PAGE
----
Albertans begin growing a stache in support

Movember has kicked off and Albertans have began growing a ‘stache in support of their fellow Canadians.

Every November, across Canada, men sign up to Grow a Mo for the 30 days of Movember, getting friends, family and colleagues to donate to their effort. Men and women can also get involved by committing to ‘Move’, walking or running 60 km over the month, or host by hosting an event– getting together with friends to change the face of men’s health.

“Since 2007, Mo Bros in Alberta have put aside their razors in November to sport a moustache – chevron, horseshoe, handlebar and everything in between, to put a face to the health issues many men find difficult to talk about,” said Jason Copping, Minister of Health. “The facts underscore why this work is critical. Estimates suggest prostrate cancer accounts for 20 per cent of all new cancer cases in Canadian men.”

He says that in Alberta, about 150 men are diagnosed with testicular cancer every year, the most common type of cancer in males aged 15 to 35 years, and the most treatable if caught early.

“Movember has grown internationally from its modest Australian beginnings in 2003 when two friends were having a quiet beer in a local bar in Melbourne, Australia,” explains Sonya Friesen, with Movember Canada. “They started talking about the moustache having gone out of fashion and joked about bringing it back. They talked their friends into growing a Mo and created a campaign about men’s health and prostate cancer.”

Friesen says they designed the rules of Movember, which are still in place today and found 30 buddies to take up the challenge.

“Eighteen years and many millions of Mo’s later, Movember is the leading men’s health charity with a presence in more than 20 countries. Movember is now the leading global charity dedicated to changing the face of men’s health. We invest in research and initiatives in the areas of prostate cancer, testicular cancer, mental health and suicide prevention,” she says.

Movember funds research and support projects.

“Either directly or through partners, in prostate cancer, testicular cancer, mental health and suicide prevention. Since Movember’s inception in 2003, we’ve funded over 1,250 initiatives globally,” says Friesen. “We invest in biomedical research which is helping us to understand prostate and testicular cancers better, develop new treatments and identify what works for which men.”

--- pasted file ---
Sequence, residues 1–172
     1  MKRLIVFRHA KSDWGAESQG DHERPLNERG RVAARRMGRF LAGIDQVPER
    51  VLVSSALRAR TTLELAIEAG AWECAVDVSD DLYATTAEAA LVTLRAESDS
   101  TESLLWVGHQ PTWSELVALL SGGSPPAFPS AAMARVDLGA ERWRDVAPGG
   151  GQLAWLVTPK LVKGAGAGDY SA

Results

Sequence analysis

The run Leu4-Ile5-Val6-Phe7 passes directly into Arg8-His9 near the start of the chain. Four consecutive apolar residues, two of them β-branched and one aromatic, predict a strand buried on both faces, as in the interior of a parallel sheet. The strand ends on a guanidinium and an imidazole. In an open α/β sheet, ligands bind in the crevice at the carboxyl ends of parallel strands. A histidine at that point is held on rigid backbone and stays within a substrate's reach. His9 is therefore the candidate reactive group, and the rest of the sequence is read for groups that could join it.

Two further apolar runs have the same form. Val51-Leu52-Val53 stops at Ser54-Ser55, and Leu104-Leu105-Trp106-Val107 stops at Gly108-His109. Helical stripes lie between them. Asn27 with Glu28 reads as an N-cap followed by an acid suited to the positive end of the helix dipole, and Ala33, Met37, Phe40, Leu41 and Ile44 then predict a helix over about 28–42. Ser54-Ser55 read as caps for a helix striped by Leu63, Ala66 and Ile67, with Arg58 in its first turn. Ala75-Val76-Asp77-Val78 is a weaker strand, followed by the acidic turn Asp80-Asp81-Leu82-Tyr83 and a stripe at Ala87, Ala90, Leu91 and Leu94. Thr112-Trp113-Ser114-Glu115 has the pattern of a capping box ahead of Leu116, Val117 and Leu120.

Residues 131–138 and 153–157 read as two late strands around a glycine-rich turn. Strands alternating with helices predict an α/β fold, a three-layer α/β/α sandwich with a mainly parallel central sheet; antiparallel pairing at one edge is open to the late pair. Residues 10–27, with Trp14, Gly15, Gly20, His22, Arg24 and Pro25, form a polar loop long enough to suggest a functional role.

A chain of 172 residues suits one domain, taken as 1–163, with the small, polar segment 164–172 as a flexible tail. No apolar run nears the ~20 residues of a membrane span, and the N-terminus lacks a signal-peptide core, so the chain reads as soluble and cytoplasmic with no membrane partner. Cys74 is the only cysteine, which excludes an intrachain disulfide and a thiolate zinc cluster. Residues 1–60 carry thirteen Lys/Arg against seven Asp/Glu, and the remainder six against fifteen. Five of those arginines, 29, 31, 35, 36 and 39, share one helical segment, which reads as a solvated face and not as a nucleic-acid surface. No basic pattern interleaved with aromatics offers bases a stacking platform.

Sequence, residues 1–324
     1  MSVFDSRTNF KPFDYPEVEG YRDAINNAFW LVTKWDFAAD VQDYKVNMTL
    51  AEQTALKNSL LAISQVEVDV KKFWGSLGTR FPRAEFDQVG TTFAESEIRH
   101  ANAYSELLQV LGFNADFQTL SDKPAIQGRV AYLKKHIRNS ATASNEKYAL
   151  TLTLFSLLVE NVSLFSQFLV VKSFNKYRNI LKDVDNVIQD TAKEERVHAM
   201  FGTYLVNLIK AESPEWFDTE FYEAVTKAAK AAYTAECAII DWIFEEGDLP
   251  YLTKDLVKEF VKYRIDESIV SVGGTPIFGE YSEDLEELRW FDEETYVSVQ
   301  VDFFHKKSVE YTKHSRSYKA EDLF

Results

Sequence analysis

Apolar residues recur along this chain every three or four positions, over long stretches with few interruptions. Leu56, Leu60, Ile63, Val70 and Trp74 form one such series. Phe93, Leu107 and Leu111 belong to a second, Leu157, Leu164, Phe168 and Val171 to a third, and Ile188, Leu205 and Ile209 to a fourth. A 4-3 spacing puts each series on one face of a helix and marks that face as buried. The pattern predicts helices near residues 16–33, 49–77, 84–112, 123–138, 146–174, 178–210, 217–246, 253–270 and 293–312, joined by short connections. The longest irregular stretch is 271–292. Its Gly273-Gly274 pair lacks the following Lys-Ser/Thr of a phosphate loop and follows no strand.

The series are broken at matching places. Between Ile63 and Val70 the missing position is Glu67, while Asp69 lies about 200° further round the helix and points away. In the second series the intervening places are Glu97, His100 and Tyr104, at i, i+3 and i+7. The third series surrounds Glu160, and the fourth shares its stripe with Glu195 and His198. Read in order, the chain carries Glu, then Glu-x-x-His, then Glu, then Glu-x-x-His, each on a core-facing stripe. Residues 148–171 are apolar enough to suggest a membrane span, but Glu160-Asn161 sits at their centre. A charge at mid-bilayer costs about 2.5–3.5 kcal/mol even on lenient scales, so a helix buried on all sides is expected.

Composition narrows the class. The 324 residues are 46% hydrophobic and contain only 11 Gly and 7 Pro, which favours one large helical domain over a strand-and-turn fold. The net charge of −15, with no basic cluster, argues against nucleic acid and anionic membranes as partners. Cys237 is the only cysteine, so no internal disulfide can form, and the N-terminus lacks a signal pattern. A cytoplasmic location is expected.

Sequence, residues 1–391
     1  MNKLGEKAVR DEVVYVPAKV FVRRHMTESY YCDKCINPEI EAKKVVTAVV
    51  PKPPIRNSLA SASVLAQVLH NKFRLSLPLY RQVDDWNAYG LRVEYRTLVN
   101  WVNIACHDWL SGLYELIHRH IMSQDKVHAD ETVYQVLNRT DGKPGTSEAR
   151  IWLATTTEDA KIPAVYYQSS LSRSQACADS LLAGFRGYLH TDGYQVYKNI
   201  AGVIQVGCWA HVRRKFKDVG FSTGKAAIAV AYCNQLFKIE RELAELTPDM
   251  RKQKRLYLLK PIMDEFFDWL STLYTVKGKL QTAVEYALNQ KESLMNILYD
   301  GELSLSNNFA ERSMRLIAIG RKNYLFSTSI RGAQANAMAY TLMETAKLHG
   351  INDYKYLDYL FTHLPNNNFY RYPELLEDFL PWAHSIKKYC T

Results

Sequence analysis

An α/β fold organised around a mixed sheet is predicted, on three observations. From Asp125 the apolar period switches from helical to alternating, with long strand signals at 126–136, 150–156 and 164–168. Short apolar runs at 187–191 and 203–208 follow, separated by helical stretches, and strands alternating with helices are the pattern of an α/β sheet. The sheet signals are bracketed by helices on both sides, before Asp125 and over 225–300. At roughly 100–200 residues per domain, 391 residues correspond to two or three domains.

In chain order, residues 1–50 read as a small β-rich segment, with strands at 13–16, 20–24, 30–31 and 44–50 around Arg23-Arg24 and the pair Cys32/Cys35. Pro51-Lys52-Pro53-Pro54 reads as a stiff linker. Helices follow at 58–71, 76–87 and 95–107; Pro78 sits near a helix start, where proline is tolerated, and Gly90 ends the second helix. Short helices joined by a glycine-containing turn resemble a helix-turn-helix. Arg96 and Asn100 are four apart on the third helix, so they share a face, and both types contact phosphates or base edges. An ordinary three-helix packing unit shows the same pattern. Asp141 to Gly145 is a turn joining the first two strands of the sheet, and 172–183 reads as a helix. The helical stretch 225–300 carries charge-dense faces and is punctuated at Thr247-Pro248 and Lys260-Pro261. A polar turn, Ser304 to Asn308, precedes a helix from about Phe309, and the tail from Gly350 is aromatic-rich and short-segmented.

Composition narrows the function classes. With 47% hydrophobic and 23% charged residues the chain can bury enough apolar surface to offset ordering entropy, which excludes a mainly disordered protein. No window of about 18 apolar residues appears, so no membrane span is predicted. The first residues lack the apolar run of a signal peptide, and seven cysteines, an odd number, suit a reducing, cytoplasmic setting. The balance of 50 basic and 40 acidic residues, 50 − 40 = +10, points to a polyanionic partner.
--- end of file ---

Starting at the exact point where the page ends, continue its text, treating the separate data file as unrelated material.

The charity also focuses on supplying information, tools and resources for men diagnosed with prostate or testicular cancer to ensure they get the best health outcomes and quality of life.

Friesen says this includes the global TrueNTH program which is the biggest commitment ever made to improving physical and mental outcomes for men going through prostate or testicular cancer.

Funds also go to clinical quality registries.

“(They are) huge surveys capturing the real life experience of thousands of men with prostate cancer which help us tell which treatment and care pathways work best for different groups of men based,” says Friesen. “This includes the IronMan program, which operates across nine countries and is specifically focused on what works for men with advanced disease.”

They also recently launched The Social Connections Challenge. Through a crowd sourcing format, aims to find and help develop ideas that will maintain or strengthen social connections and address isolation in groups of at-risk men.

“As many as 75 ideas from Canada, Australia, Ireland, New Zealand and the UK will be shortlisted, with a goal of selecting 16 ideas and investing $3.22 million overall. In Canada, up to five ideas will be selected for co-development with Movember at an investment between $90,000 to 225,000 toward each idea.”

We also run awareness campaigns for Testicular Cancer Awareness and Suicide Prevention which encourage men to understand their health risks and take action by talking or going to a health professional when necessary.

Friesen says that COVID has made Movember a bit more of a challenge but the charity has found a way to make it work for Canadians.

“It’s been a bit of a unique last two years, but luckily there are many epic moustache styles that fit underneath a mask and it might be the best time to try out that style you were always to worried to sport at the office.

She adds that for those who don’t want to grow a Mo this year, it’s not a problem.

“There are lots of other ways to participate including moving, hosting a virtual event, or even choosing to ‘Mo your own way’, you decide the challenge, you push your limits, all for a good cause.”

“During the pandemic many men are facing unexpected challenges including financial pressures and unemployment. Please remember that confidential addiction and mental health supports are available 24-7 across the province,” says Copping. “While services and supports for men’s mental health are available, many men continue to suffer in silence. Sadly, more than 500 people in Alberta die by suicide every year, with males making up the majority.”

He encourages others to ‘embrace the bristles’ this month.

“You don’t need to grow a Mo to show your support. I encourage Mo Bros and Mo Sistas across the province to get involved. Together, we can change the face of men’s health.”

For more information visit ca.movember.com.